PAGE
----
Einstein or Marilyn? How this optical illusion hides two faces in one portrait

An optical illusion created by MIT shows Marilyn Monroe from far away, but changes to Albert Einstein up close. The illusion offers clues as to how our brains process the details in images or scenes.

You’re probably familiar with classic optical illusions, such as this image titled “My wife and my mother-in-law,” drawn in 1915 by cartoonist W. E. Hill. Depending on how you interpret certain features, the figure appears as either an old woman looking to the side or a young woman looking over her shoulder.

A recent optical illusion created by an MIT research group takes things several steps further, and provides insight into how the human brain processes images.

“Marilyn Einstein,” shown in the video above, appears first as a small, blurry picture of model Marilyn Monroe. But then, as the image zooms in, it appears to transform into a photo of physicist Albert Einstein. Monroe’s features are blurry and indistinct, while Einstein’s are finely drawn. Those fine details are only visible at closer distances, so the image appears to change as it zooms in (or as the viewer moves closer to it).

The optical illusion can highlight vision problems – people who might need glasses are often unable to pick out the fine details of Mr. Einstein’s face, and are left seeing an image of Ms. Monroe – but also points out a quirk in how the human brain processes visual information.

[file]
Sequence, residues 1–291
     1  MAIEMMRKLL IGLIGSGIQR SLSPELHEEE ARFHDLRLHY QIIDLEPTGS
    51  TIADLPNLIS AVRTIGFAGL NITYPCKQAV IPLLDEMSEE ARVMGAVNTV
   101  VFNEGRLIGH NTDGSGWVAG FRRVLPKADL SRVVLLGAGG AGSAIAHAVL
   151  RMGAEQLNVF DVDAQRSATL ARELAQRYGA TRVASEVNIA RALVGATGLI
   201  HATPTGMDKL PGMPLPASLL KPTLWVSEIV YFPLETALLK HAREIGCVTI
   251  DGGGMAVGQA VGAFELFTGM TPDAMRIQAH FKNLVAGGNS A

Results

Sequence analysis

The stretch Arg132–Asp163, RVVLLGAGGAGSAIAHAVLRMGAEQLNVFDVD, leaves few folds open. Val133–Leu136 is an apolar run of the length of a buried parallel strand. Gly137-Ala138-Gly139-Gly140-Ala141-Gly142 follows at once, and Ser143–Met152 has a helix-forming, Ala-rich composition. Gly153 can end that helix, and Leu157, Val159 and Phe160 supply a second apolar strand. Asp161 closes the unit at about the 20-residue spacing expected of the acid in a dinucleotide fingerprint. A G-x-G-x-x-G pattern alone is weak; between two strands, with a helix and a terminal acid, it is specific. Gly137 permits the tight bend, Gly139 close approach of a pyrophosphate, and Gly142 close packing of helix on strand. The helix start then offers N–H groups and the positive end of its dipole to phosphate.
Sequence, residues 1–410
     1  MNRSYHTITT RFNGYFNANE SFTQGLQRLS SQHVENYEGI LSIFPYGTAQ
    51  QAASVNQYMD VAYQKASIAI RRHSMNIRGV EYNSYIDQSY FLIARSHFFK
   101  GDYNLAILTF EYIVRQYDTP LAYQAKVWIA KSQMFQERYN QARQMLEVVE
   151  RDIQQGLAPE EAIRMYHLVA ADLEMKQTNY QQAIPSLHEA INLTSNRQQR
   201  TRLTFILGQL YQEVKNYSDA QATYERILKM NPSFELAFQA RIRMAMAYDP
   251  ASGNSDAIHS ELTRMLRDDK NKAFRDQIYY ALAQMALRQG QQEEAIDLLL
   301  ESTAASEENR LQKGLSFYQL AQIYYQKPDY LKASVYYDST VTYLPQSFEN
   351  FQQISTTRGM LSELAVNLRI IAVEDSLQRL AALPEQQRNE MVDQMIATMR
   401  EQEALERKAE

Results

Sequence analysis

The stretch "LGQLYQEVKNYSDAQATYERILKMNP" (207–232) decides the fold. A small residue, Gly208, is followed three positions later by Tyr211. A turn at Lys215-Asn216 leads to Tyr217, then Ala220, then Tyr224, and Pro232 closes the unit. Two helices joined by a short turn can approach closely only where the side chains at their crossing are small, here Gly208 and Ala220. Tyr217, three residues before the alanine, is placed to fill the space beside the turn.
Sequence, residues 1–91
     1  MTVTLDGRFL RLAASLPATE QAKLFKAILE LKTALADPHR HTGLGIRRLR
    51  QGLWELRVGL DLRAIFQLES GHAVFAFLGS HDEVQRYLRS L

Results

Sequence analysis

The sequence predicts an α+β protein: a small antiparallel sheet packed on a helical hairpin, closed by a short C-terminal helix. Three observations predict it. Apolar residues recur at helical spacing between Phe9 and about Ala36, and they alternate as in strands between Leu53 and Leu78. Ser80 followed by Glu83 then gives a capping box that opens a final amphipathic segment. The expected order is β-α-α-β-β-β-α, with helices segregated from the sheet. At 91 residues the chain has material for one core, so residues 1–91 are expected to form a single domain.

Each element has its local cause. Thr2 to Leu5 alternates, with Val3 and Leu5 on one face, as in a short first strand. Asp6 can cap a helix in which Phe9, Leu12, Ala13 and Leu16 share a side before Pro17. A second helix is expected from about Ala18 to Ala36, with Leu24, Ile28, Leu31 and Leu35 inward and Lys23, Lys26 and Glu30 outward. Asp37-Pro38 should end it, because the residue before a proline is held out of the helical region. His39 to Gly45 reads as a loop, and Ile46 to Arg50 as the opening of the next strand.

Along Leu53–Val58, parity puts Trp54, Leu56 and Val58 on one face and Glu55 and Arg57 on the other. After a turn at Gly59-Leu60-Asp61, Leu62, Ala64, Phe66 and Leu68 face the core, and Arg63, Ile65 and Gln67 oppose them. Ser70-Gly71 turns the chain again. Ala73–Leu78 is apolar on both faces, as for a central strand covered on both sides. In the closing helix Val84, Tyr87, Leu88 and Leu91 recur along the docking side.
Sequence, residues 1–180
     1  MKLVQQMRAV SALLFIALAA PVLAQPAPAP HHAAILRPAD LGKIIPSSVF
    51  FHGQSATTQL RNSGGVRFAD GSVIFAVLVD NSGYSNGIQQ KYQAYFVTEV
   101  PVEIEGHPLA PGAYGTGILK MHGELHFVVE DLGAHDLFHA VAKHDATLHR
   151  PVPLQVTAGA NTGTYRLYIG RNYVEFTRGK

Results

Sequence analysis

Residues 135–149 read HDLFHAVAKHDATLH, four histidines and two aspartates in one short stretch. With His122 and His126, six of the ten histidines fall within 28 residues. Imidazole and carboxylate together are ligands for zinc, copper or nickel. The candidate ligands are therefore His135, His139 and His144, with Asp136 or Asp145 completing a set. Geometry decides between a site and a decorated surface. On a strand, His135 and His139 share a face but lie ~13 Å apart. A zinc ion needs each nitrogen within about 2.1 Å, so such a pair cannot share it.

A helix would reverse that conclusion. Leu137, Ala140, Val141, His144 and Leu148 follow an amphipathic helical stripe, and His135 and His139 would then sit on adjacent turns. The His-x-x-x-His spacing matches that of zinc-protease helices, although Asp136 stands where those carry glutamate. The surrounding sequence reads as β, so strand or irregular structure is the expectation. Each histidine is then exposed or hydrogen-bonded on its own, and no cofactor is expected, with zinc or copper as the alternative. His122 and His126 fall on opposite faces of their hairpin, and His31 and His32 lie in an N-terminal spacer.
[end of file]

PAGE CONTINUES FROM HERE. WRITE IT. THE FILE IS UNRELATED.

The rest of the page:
The MIT team that created “Marilyn Einstein” performed a series of experiments in which they showed participants the hybrid image for different lengths of time. When people saw the picture in just a brief flash of 30 milliseconds, they could only see Monroe – their brains simply didn’t have time to pick out the fine details of Einstein’s face, no matter what how close to or far away from the image they were. When they saw the picture for 150 milliseconds, they saw Einstein but not Monroe.

The experiments suggest that our brains prioritize different details within an image or scene. If we see a picture only very briefly, we’re left with “low spatial resolution” information – the overall shape of what we saw. If we see that same picture for a slightly longer period of time, we’re able to pick up on finer details. The MIT team believes our brain processes low spatial resolution information first, before it moves on to details.

This research could be used by companies who want to change the way their advertisements or logos appear at different sizes or distances from potential customers. You might spot a billboard from far away and notice certain colors or features, then see more detailed information as you get closer to it. Manufacturers might also be able to use the research to mask text or other information that must be printed on their devices so that the text is only visible from close up.

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